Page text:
Guardiola: Solskjaer's United starting to play like Ferguson's

Ole Gunnar Solskjaer's Manchester United side are beginning to play like Alex Ferguson's did, according to Pep Guardiola.

Ole Gunnar Solskjaer and Pep Guardiola during the Manchester derby at the Etihad Stadium earlier this season.   -  Getty Images

Pep Guardiola believes Ole Gunnar Solskjaer has his Manchester United starting to play in the manner Alex Ferguson's side did.

Guardiola's Manchester City visits United on Tuesday for the first leg of its EFL Cup semifinal.

Solskjaer's men won the Premier League encounter between the two at the Etihad Stadium last month, a victory that followed a defeat of Tottenham and greatly eased the pressure on the Red Devils boss.

United was beaten 2-0 by Arsenal in the league on New Year's Day before being held to a 0-0 draw by Wolves in the FA Cup on Saturday.

Despite those results, Guardiola has seen plenty of signs of encouragement for Solskjaer.

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He told a pre-match media conference: "He's starting to see the team he wanted. That is my feeling when he sees his teams, even the last game against Arsenal that they lost, we see clear what he wants.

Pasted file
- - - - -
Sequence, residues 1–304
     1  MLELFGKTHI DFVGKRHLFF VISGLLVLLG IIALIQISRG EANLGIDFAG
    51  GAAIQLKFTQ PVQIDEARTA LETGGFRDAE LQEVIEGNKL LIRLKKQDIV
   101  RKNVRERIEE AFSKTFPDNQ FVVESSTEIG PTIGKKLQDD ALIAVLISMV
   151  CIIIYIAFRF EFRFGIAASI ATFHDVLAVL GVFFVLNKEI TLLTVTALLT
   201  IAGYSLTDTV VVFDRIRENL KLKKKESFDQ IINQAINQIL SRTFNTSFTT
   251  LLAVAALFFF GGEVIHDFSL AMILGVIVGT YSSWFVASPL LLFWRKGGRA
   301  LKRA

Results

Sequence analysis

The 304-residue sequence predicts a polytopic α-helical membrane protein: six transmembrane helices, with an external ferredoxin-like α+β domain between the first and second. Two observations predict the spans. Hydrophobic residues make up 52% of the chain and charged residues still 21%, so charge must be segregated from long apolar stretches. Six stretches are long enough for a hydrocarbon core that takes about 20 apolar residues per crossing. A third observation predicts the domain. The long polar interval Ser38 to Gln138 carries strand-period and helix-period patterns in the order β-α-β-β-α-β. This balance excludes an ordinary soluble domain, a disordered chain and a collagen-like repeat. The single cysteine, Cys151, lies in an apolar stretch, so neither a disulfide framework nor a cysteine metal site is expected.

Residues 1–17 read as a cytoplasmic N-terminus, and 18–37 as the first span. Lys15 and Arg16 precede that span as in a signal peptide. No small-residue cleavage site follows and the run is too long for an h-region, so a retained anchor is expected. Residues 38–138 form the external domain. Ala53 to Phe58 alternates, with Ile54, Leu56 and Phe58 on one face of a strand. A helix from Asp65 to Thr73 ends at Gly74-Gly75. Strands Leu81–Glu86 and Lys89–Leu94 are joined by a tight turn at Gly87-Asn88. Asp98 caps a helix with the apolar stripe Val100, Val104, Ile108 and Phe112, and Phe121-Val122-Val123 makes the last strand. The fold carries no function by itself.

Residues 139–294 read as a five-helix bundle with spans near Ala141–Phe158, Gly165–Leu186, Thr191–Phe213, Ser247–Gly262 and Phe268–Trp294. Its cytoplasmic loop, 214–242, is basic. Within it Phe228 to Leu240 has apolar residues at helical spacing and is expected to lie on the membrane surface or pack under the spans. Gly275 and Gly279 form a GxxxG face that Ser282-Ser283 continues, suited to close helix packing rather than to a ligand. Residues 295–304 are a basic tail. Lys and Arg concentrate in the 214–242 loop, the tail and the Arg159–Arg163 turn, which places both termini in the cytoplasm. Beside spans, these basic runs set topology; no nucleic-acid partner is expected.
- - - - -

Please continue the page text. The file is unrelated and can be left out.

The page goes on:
"It was not easy to take over a team in a big, big club, always demanding to be champion in all competitions, but I think every manager needs time and I have the feeling that United start to play the way he wants or he was for his old manager Alex Ferguson."

Asked what he learnt from the 2-1 league loss to United, Guardiola replied: "How fast they are, how solid, how aggressive.

"We concede a few counter-attacks in the beginning, and in two or three seconds, they are in the box, so they have incredible pace and talent. In general, the game was good, we create chances and unfortunately we could not win."

Since taking over City in 2016, Liverpool has been a closer challenger than United and appears poised to dethrone the Premier League champion. Jurgen Klopp's men hold a 13-point lead at the top, with City third and 14 points off the pace.

Ferguson frequently used to say Liverpool was a bigger fixture for United than meetings with City, but Guardiola claimed not to know enough to say whether the same is now the case for his side.

"I know for the years I was not here we were the noisy neighbours, now I don't know who we are," he said. 

"The derby in Spain [for Barcelona] was Espanyol and Real Madrid, here of course United is a derby, then here in England there are many top teams, not just one or two like in other countries.

"That's why the derby is important for our fans, but there are other top teams that are important. I'm not here for one century, maybe it's hard to feel for our fans what Liverpool means. I know exactly what United means for them."

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